In the past fancy dress parties used to be very popular, especially among gentry.  Tables would yield under loads of meats and bakery goods.  People used to have fun during sleigh rides.  Nowadays winters are not so severe and the amount of snow does not always allow this.  The parties are also not as frequent - they are limited mostly to the last weekend before Ash Wednesday.

    The most commonly followed tradition in Poland is baking, and of course eating, lots of doughnuts, faworki ( or Polish chruściki) and carnival roses.  They are supposed to bring good fortune and everybody is supposed to eat at least one.  Therefore there are long queues in front of well-known confectioneries.  People are willing to wait even an hour in line to get the best doughnuts with rose jam / toffi / chocolate filling.

    The last Tuesday of Carnival season is the moment when you can really indulge yourself for the last time before lent.  This evening has different names in various regions of Poland.  We call it "śledzik" (herring), as we eat this fish prepared in numerous ways.  Most common are salted or marinated herrings with olive and onion or served with tomato sauce.  These appetisers go well with alcoholic beverages, which (traditionally) are not supposed to appear on our tables during lent.


    Carnival Roses recipe.

    • 2,5 cups of wheat flour (450g)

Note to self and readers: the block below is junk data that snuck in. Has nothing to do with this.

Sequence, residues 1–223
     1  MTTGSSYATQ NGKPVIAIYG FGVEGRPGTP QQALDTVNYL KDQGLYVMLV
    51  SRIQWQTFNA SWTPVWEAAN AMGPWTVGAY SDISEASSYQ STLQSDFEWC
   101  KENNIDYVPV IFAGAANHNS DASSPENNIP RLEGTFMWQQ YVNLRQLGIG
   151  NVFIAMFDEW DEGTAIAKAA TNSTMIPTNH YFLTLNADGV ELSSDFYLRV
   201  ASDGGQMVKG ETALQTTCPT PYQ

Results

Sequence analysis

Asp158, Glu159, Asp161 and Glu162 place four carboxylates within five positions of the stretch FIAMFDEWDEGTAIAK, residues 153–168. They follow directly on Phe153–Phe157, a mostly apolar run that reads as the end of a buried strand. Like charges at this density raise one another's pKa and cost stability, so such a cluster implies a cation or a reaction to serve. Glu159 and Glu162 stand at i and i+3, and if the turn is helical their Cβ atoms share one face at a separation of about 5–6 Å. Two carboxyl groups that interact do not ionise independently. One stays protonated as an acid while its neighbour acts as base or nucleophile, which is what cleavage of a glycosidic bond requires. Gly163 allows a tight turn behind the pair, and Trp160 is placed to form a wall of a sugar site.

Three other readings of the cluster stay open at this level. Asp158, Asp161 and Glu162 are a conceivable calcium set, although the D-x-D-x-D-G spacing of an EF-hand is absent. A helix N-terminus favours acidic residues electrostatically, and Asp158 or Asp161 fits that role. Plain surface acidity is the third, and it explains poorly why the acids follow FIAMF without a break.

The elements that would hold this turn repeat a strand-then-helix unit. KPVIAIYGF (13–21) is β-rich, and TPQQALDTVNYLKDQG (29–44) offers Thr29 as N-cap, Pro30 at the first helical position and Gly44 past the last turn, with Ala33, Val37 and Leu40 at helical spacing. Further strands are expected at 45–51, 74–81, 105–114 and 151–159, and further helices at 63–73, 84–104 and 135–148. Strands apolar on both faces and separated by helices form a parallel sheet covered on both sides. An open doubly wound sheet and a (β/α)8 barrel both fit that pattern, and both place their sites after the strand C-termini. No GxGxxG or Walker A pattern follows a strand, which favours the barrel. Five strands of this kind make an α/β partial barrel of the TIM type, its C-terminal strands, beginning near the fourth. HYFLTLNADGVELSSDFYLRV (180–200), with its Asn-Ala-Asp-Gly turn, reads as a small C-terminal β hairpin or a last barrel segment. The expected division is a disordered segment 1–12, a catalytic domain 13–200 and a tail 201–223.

• 5 egg yolks
    • 1 tablespoon of spirits (or rum)
    • ½ teaspoon of sugar
    • ½ teaspoon of salt
    • ¾ glass of thick sour cream (18%)
    • Oil or lard for frying
    • Powdered sugar for decoration
    • Any jam or cherries

    Mix flour, egg yolks, sour cream, sugar, rum, and salt in a large bowl; mix to form a dough.

    Knead dough lightly and roll out on a floured surface. Cut out 3 circles of different sizes (you can use glasses of different sizes). Make 3 little cuts on the edge of each circle

    Put 3 dough circles together with the smallest circle on top – press gently in the middle for them to stick together. You can use a bit of egg white as „glue”

    Heat oil in a deep-fryer or large saucepan. Test the temperature by dropping in a pastry twist; the oil is ready when it browns and float to the surface.

    Fry your roses until golden brown, about 1 minute per side.

    Drain on a plate lined with paper towels.

    Dust with powdered sugar.

    Place a cherry or a lump of cherry jam in the middle of the smallest circles


    The Carnival dishes prepared and photographed by Marzena Hybel, Natalia Leja, Dominika Gancarczyk, Iwona Bednarek and Weronika Ubik- the students od Zespół Szkół Nr 1, Limanowa.